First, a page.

Nevertheless, Barker said, Ryan may decide to start speaking freely, depending on his next steps. Straying from the party line may salvage his reputation more broadly, possibly historically. Barker said this could set himself up for a better book deal, a better media deal or a place within the party after the Trump era.

Matt Dallek, a historian at George Washington University’s Graduate School of Political Management, said the major downside to Ryan’s announcement is that from the Republican perspective he has essentially “neutered himself.” Despite claims that he will continue to raise money and defend Republican seats, Ryan’s announcement could result in a decline in GOP morale and bolster the popular narrative that they are barely holding on and will likely lose their majority in November.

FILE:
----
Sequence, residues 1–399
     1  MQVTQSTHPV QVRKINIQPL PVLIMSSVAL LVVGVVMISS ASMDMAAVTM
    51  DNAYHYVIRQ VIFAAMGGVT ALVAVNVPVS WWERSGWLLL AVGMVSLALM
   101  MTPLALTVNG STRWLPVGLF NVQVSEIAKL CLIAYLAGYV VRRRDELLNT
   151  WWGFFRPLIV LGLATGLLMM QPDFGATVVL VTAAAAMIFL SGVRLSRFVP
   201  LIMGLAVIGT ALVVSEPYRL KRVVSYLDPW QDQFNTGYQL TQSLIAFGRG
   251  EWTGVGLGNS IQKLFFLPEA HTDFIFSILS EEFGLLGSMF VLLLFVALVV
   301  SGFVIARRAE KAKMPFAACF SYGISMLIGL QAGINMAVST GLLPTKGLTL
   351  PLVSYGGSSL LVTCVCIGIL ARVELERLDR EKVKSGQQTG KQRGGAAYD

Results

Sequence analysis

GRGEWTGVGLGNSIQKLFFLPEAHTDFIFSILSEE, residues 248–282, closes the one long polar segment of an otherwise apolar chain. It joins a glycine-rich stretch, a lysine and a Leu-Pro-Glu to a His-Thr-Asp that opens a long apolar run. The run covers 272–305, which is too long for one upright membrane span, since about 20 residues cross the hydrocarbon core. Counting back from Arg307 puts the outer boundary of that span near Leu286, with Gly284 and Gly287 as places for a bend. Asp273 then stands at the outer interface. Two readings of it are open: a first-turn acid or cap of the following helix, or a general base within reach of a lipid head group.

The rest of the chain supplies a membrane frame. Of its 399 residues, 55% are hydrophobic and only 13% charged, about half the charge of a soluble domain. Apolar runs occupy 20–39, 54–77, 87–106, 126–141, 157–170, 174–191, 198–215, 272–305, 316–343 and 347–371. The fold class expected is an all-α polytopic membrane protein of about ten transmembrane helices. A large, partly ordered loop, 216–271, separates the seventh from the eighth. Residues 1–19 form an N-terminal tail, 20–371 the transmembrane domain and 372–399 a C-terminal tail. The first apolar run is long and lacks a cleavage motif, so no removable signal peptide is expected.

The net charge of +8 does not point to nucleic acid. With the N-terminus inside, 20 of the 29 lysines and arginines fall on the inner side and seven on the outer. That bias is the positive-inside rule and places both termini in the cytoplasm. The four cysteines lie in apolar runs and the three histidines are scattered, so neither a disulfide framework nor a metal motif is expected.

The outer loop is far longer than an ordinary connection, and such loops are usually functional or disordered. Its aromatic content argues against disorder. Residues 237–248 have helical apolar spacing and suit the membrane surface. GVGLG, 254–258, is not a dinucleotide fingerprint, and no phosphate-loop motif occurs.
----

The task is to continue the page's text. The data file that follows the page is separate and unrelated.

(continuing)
“If you have a leader who is able to maintain the fire under his or her troops and say, ‘It’s a bad environment but we have all these assets, you can maintain morale. But if he’s gone, it’s very hard for him to be the voice that inspires Republicans,” Dallek said.

“It’s significant in all these sorts of ways, and makes it harder for Republicans to run, not just on what they have achieved, but what they are going to do. What would they do in the next Congress, given they have this leadership vacuum? It’s unclear what their agenda would be.”

Mark Harkins, senior fellow at the Government Affairs Institute of Georgetown University, said it’s not a surprise that Ryan announced he won’t be speaker next Congress — the only surprise is that it was today. He said this isn’t great news for the Republicans but that Ryan can rightfully say the early announcement is for the good of the party.